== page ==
Wednesday, 28 March 2012

Game 14: Shadowgate - Demon of the Fall

Journal Entry 2: “As harrowing as this place is, I am making good progress and overcoming many obstacles. I have uncovered new sections to the castle, defeated strange creatures, and discovered parchments that shed some light on the difficult task ahead of me. The main parchment states “Five to find, three are one. One gives access, the bladed sun. The silver orb, to banish below. The staff of ages to vanquish the foe. Joining two, the golden thorn. The last to invoke, the platinum horn.” It is my belief that the five items it speaks of are gems of different colours, three of which I found behind the waterfall near the lake. I have now used two of them; one in the cave to lower the wall and receive the parchment, and the second in the pedestal room to retrieve a crystal sphere. The sphere has been extremely valuable to me, freezing the lake so I could collect the key from the skeleton and then allowing me to defeat a fire drake that stood guard behind the mirror door (which the key opened). My confidence has risen with these victories and I long to continue with this quest I once considered futile.”


Hmmm...I can take the sturdy looking bridge or the rickety one surrounded by skulls. Oh I just don't know!

I’m very pleased to say that my ninety minute session last night was a very productive one! I’ll admit straight away that I did not achieve all my success without playing the reader assistance card, but that wasn’t entirely my fault. Many of you left me hints, ranging from pure guesses (what would this blog be without Canageek’s enthusiasm) to straight out spoilers. I have not yet deciphered all of the hints as I don’t want to ruin anything for myself, but unfortunately (or perhaps fortunately) Bobbyloathesyou left me a few unsubtle intimations regarding the waterfall. While I’d like to take this opportunity to remind everyone to use ROT13 when providing hints or spoilers, I’m not going to be too harsh on the offender in this instance because in all likelihood, I never would have found the bag of gems behind the waterfall if it were not for his varied and humorous attempts to inform me of the beauty and tranquillity that one can experience when spending afternoons basking in the vicinity of waterfalls. I will however deny the ten points that he otherwise might have earned as a lesson. ;) But I’m getting ahead of myself. Here’s how my session played out…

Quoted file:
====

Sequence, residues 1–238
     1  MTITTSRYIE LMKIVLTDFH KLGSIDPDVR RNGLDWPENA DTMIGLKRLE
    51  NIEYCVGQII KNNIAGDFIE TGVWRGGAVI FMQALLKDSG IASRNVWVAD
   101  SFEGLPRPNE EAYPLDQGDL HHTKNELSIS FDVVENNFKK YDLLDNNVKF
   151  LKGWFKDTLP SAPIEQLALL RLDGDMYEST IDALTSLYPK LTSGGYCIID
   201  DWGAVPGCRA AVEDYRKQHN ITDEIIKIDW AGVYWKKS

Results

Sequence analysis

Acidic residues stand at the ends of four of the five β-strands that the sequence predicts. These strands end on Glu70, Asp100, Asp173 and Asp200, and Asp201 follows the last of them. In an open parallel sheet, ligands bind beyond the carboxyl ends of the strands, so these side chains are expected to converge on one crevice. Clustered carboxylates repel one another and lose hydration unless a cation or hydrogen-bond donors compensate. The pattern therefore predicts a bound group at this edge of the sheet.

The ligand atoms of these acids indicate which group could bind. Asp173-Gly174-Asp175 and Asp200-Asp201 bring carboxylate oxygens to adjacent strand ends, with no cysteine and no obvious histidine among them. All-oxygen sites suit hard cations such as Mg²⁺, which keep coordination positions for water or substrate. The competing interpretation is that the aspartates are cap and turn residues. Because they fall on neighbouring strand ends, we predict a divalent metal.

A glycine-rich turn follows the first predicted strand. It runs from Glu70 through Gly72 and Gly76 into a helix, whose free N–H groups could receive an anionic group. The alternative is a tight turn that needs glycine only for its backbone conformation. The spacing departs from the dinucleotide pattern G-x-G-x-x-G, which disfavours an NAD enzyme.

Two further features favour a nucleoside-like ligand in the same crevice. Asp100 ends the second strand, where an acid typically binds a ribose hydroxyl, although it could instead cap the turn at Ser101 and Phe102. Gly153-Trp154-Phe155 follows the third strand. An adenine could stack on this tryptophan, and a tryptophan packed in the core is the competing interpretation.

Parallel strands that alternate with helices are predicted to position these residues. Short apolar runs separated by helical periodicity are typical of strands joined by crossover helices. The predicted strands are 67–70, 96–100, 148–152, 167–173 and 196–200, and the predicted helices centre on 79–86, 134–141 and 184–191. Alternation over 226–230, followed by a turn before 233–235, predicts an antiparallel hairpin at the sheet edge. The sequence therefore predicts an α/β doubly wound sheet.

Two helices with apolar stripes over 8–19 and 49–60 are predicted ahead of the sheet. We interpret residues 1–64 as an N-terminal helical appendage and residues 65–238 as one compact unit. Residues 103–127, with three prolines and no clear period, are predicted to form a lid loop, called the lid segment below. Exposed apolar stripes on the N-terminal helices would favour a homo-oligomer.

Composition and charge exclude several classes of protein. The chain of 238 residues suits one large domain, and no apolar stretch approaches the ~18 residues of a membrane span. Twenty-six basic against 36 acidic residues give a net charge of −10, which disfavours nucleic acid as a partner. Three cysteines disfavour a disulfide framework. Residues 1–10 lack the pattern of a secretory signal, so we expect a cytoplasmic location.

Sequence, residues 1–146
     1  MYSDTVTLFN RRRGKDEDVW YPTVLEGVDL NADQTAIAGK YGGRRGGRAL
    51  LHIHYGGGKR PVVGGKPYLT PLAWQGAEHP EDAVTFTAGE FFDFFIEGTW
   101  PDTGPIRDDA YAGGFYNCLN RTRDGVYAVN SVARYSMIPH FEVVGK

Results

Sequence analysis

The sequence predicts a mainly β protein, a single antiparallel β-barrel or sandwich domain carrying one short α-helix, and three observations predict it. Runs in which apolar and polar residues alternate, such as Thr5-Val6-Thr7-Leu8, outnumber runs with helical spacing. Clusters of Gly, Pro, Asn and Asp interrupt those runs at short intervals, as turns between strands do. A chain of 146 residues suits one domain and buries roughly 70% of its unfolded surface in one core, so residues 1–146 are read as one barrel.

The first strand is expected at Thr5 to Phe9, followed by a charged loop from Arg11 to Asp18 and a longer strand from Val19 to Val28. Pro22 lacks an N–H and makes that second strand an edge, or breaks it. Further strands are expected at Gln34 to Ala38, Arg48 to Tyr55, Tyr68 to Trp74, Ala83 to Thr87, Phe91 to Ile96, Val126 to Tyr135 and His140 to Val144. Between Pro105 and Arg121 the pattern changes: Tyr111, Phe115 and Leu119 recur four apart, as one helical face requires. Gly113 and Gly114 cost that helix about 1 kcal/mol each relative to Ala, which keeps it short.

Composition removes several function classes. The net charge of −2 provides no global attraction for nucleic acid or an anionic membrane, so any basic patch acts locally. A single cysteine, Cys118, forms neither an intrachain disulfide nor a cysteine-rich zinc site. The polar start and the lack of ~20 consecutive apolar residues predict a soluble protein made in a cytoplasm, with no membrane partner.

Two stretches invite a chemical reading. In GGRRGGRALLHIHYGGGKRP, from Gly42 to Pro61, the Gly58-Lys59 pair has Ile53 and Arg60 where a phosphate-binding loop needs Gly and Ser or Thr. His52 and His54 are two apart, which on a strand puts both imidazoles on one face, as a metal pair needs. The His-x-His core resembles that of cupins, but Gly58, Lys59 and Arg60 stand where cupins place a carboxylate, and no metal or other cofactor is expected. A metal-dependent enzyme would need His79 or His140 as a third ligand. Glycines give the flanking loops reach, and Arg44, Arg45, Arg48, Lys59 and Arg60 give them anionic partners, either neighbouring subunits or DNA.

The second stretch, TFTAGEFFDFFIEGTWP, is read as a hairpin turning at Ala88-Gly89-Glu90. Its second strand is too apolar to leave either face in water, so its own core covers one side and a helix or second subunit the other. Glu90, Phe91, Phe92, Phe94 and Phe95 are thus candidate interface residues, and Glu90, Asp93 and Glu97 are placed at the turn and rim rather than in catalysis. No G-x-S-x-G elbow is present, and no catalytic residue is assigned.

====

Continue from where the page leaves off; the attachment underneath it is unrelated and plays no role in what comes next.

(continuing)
As Zenic says, "ROT13 is your friend"

Determined to get as far as I could without assistance, yet knowing that the waterfall played a role in the game’s solution, I once again loaded Shadowgate and entered the fray. My restore returned me to the chamber with the unclimbable wall, so I decided to spend a bit of time trying to figure out how to scale it. The one thing that caught my attention about the room was that the torches on the wall can’t be removed, whereas they can be (and need to be) in every other location so far. That made them suspicious, so I tried lighting them…nothing happened. I tried “operating” them and what do you know, the left one is a lever that opens up a hidden door. In hindsight, it’s obvious that the purpose of the arrow positioned in the centre of the wall is not to be collected as a weapon, but instead acts as a directional marker, informing the player that they really should focus their attention on the left hand torch. It seems obvious when you think about it, but how many times have you paid attention to what direction a newly discovered arrow (and by arrow I mean the type you project from a bow) is facing in a fantasy based computer game? It didn’t help me that the first thing I did on entering the chamber is add the arrow to my inventory, subsequently removing the game’s ingenious hint from the room.


OK, so it looks really obvious now! Hindsight is a wonderful thing.